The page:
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Politics & Government

Lawmakers, Agencies Hawk Pet Projects at Capitol

Judy Fahys

Lawmakers have been talking for weeks about how to spend taxpayer dollars. Now they are drawing up priority lists in hopes of snagging some of the state’s $5 billion budget for their favorite projects.

Agencies and state lawmakers have been stepping up their sales pitches for pet projects all week. They want to get on the Legislature’s priority lists so they can get some of the $300 million that isn’t already committed to schools, roads and other state programs. Rep. Mike McKell helps lead the subcommittee that’s choosing the most important natural resources, agriculture and environmental projects. Earlier this week, the panel gave presenters just three minutes each to make their pitches for 67 projects.

“I apologize for the marathon,” he said. “We have just way too many requests today.”

Rural Utah lawmakers want nearly $2 million to help keep the sage grouse off the federal endangered species list. One lawmaker asked for money to improve public access at Bear Lake. Others requested funding to control prairie dogs and to make the Jordan River safer for boaters. Randy Parker of the state fair board asked for $750,000. He says rain kept visitors away and left the fair board high and dry last year.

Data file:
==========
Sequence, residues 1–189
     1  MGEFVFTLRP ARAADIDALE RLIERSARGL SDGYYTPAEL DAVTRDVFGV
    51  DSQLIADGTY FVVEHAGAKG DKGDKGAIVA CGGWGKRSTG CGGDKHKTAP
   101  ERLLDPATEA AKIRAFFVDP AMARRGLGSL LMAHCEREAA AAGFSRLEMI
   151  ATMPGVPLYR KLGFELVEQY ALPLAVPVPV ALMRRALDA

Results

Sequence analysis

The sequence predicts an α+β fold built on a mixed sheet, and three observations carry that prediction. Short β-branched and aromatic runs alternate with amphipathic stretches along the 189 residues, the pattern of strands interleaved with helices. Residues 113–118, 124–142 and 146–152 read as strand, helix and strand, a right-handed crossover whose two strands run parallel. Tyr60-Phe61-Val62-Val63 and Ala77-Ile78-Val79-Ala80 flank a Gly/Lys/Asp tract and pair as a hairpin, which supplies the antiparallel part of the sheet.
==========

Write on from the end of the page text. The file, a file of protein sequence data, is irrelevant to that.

Our revenue was adversely impacted for terrible weather,” he said. “In the last 19 years, it’s the first time that the State Fair Corp. has asked for an emergency appropriation.”

Advocates for air-quality projects want millions for enforcing wood-stove laws, public education, scientific research, clean school buses and other programs. Rep. Brad Dee reminded budget-makers of the public’s priorities.

“As we make a commitment to the clean air, which is obviously very important in Utah at this particular time, I think it’s important that we show a long-term commitment,” he said.

This budget salesmanship is expected to continue until lawmakers finalize their priority list.  And that may not be until the last night of the Legislature.

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